“In the commercial world,” Morgan told me a few days after I watched his crew methodically build the ramp, “that one jump would cost a half-million dollars.” For Morgan, it was just another day on location for Flight (which as of early July was still in postproduction). Over the past two years, when not directing commercials for blue-chip clients like Visa and shooting scenes for Hollywood films like Jackass 3D, Morgan and crew have been following Rice, Landvik, and a revolving cast of snowboarding’s cool kids around the planet.
Already, they’d spent a month and a half in Chile and a month in Alaska’s Tordrillo Mountains, plus stints in Canada and Jackson, with tentative plans to hit British Columbia, Romania, Greece, Austria, and, if they still had the cash, Greenland. Snowmobiles had been crashed, 15 top-of-the-line AStar B3 helicopters rented, and both fireworks and firearms deployed. (Morgan often carries a .50-caliber pistol with him on location.)
You’ll be able to see it all, though not necessarily in the theater. A condition of Red Bull’s investment was that Brain Farm produce an accompanying TV show, an eight-episode making-of documentary series. (At press time, Brain Farm’s agents were still in negotiations with networks; the yet unnamed series is expected to debut in early 2012.)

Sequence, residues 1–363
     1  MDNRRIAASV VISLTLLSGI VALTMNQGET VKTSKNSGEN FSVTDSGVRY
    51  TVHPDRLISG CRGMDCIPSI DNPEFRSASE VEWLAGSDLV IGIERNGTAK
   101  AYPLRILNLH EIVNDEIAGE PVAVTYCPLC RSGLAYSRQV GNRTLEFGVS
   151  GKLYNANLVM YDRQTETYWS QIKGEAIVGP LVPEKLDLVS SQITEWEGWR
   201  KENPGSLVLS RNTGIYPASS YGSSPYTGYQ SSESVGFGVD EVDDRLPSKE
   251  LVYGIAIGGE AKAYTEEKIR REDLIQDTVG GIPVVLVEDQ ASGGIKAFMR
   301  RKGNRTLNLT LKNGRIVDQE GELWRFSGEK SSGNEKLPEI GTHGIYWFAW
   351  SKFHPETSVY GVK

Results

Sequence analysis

All signs point to Flight becoming the biggest action-sports movie of all time, bypassing its groundbreaking precursor, That’s It, That’s All, the 2008 film that established Brain Farm as one of the best in the business.
IT’S WORTH NOTING that raising the bar in the action-sports genre wasn’t terribly difficult. Ski movies tend to all look alike, in large part because there just isn’t much money to be made from them. Snow-porn filmmakers generally scrape by, squeezing money from increasingly cash-strapped endemic sponsors and negotiating reduced rates from resorts and heli- or cat-ski operations in exchange for exposure. Following the business model established by Warren Miller, the down payment for the next film comes from the previous one’s DVD sales and tour revenue. “Most ski filmmakers are geniuses at doing a lot with a little bit of budget,” says Jack Shaw, a journalist and ski guide who’s written about the history of the genre.
Relatively small budgets, usually in the mid–six figures for feature-length documentaries made by outfits like Teton Gravity Research and Mack Dawg Productions, naturally limit production values. There have been attempts to break the mold, notably 2005’s First Descent, paid for by Mountain Dew, and 2007’s Steep, an extreme-skiing documentary that received a wide theatrical release. Both tanked. The former was boring and repetitive and was panned by the film’s core audience and mainstream viewers alike; the latter was good but ultimately not entertaining enough to reel in the general public.